Over 40 billion dollars a year is spent in Canada getting our children from Kindergarten to Grade 12,[i], yet over 40% of our youth fail to meet expected performance levels for basic subjects[ii] and almost one quarter of our children fail to graduate with their peers.[iii]. Students are disengaging grade by grade[iv], a trend illustrated by their increasing dislike for school[v], declining academic achievement[vi] and rising rates of teenage depression[vii] and suicide[viii]. Contrary to Canada’s most fundamental democratic tenets, minority and low-income children are the hardest hit[ix]. Public opinion polls show confidence in the education system is at an all-time low[x], home schooling is growing exponentially and the number of children attending private schools has doubled in the past 25 years[xi]. An ever increasing number of factors point to a deeply flawed system that is failing our youth and our society. We see this failure reflected daily on our streets, in our malls and in the news. Learn more about signs of trouble.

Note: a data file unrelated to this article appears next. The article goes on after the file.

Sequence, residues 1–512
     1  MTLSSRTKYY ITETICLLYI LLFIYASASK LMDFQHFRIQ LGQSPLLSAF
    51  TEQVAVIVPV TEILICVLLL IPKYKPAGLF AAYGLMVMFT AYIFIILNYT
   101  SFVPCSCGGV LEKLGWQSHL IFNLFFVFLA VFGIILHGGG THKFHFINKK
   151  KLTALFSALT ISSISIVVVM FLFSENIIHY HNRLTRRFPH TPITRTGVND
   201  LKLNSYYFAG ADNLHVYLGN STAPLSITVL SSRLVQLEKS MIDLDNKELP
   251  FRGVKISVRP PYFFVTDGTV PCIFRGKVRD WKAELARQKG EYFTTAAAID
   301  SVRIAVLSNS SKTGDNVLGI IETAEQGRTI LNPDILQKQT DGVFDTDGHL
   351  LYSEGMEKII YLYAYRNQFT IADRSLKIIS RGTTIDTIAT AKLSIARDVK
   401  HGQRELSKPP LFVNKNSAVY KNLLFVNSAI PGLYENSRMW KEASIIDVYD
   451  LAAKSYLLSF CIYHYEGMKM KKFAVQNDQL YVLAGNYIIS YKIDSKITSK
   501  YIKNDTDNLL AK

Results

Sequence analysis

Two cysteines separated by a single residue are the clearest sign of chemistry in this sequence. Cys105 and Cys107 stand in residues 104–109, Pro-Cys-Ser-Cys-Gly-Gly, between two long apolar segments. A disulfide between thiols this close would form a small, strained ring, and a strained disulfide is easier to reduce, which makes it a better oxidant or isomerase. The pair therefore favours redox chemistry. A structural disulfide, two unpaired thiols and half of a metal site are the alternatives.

If we want our youth to turn into adults that are fulfilled, literate and connected to their families, culture, and global communities—what do we need to do? If we want life-long learners, ingenious thinkers and creative problem solvers, how do we nurture those qualities? If we want kids that are passionately engaged in life and society, where do we start? And if we want a society that spends less on jails, social services, crime prevention and health care, what needs to change?
Our vision is to synthesize research and promising practices related to how humans learn and develop, in order to entirely rethink the model of education in this country.